A Twin Cities doctor encourages families to catch up on childhood vaccinations before the new school year.
MINNEAPOLIS, Minnesota — Amid a pandemic, health experts say it will be more important than ever to protect children from other infectious diseases when they return to school this fall.
For most Minnesota students, the 2021-22 school season begins on September 7. Doctors say routine immunizations will help kids have a healthy start to their school year. Vaccinations are required for most students.
Parents and guardians, now is a good time to make sure your children are prepared, healthy and have all their childhood vaccinations. Doctors say vaccines such as MMR, TdaP and HPV have successfully protected children against measles, mumps, diphtheria and other infectious diseases for decades.
According to the World Health Organization, 23 million children have missed routine vaccinations due to pandemic disruptions. The WHO says 17 million of them did not receive any vaccine last year. Here in Minnesota, a June CDC report saw big declines in vaccines for young children. The number of shots has decreased by 3% to 7% compared to previous years.
The decreases were more significant for children ages 9 to 17 and decreased by 27% to 74% for specific age groups receiving TdaP (Tetanus, Diphtheria, Pertussis) and HPV vaccines.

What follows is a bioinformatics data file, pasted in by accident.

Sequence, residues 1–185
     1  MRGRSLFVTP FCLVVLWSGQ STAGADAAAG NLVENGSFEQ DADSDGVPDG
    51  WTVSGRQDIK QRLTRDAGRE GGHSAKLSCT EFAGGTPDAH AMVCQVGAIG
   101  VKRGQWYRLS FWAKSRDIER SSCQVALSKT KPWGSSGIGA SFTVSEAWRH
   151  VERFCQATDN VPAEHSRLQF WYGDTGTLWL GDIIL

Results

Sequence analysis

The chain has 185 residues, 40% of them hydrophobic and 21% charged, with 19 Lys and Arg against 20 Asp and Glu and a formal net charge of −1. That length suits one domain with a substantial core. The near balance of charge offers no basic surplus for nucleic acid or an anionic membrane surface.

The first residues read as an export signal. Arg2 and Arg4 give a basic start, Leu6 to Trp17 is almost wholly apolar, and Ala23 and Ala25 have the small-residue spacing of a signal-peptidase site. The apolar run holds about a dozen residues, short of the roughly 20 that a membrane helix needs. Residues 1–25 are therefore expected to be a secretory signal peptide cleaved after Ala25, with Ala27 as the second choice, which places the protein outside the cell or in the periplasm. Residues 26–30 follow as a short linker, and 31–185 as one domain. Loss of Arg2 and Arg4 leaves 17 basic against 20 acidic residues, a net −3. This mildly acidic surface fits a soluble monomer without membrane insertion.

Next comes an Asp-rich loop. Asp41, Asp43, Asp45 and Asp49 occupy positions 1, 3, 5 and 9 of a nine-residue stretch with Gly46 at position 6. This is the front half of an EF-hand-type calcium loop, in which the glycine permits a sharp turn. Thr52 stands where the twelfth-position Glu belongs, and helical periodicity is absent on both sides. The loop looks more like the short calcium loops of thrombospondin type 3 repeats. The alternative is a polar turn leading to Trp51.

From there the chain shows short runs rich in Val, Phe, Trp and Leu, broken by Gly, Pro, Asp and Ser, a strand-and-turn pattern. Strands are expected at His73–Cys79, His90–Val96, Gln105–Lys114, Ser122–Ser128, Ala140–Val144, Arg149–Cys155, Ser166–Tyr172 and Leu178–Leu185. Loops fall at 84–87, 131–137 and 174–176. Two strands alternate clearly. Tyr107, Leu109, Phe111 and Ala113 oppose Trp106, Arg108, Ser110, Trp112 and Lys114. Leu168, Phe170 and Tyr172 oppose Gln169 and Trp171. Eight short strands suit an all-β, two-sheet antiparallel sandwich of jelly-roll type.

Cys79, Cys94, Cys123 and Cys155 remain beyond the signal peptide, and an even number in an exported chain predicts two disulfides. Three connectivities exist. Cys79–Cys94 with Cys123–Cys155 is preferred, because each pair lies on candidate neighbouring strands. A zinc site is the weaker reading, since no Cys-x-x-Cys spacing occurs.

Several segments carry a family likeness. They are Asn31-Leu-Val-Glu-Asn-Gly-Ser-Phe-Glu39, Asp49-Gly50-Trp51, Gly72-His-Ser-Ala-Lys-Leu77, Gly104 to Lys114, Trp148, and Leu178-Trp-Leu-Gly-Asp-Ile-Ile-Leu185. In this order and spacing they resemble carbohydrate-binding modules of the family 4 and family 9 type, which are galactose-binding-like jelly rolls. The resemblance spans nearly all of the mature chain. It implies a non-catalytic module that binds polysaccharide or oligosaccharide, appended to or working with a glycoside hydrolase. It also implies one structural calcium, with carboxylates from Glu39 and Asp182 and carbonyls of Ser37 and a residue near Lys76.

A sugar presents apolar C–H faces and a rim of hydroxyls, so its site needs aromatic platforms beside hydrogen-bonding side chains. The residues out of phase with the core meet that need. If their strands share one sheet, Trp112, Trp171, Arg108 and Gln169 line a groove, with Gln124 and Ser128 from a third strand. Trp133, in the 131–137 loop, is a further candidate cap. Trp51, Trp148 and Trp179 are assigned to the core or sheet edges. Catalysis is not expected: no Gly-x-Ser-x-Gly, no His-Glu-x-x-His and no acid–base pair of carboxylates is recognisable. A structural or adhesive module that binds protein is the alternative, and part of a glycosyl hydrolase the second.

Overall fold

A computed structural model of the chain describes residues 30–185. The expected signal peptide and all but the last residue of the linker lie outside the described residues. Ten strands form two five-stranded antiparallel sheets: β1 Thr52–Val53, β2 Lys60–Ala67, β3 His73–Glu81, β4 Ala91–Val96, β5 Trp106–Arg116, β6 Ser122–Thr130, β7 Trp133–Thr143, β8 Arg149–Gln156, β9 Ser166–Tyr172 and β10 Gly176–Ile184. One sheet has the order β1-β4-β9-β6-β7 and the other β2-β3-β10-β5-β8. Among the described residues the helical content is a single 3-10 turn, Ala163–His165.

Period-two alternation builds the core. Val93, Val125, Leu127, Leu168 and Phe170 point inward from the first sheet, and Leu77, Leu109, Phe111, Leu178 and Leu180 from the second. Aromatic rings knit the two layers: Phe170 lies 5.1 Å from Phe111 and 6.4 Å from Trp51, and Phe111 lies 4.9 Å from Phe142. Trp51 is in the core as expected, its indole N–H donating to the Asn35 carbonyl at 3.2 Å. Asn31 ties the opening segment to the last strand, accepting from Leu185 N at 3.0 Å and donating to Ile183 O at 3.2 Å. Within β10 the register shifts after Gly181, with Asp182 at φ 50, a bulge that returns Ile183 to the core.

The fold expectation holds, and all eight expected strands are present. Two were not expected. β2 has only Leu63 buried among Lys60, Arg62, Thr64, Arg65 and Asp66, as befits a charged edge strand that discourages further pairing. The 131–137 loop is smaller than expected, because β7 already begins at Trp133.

“It is really concerning that we are lagging behind with vaccines for children and adolescents because they protect children and teenagers from highly contagious and dangerous diseases such as measles, mumps, diphtheria, hepatitis, chickenpox, whooping cough, types of meningitis and some viruses that cause cancer. said Dr. Julia Joseph-Di Caprio, Chief Medical Officer of UCare.
“Last year, when the pandemic started, clinics and health systems had to shut down everything except serious medical problems because they were preoccupied with COVID-19,” said Dr. Joseph DiCaprio. “When they reopened, many parents were afraid to take their children for pit visits, so children were behind on preventive care, including vaccinations.”
According to the Minnesota Department of Health, the concern is that when schools reopen, Minnesota will see an increase in infectious diseases that have faded into the background during COVID.
“No one should be afraid to take their child or teen for their well visits,” said Dr. Joseph DiCaprio. “Clinics have established safety protocols. If your child has fallen behind on vaccines, don’t worry, you have time to catch up!”
Currently, COVID-19 shots are available for free to anyone aged 12 and older. Vaccination studies are underway for younger children, but no official CDC authorization date has been announced for that group.
Meanwhile, Dr. Joseph-Di Caprio urges all parents and guardians to call their child or teen’s clinic to get shots if they are due or have received their vaccines. UCare has a helpful schedule for child and teen checkups, and MDH has a breakdown of school requirements for vaccinations at different ages.
As for flu vaccines, said Dr. Joseph-Di Caprio that she supports them.
“Absolutely. Flu shots will be available soon, and I highly recommend children get a flu shot, especially with the return of personal learning and socialization,” she said. “The flu can be dangerous. In addition, we don’t want ‘twin disease’ this fall and winter with children who get the flu and COVID-19.”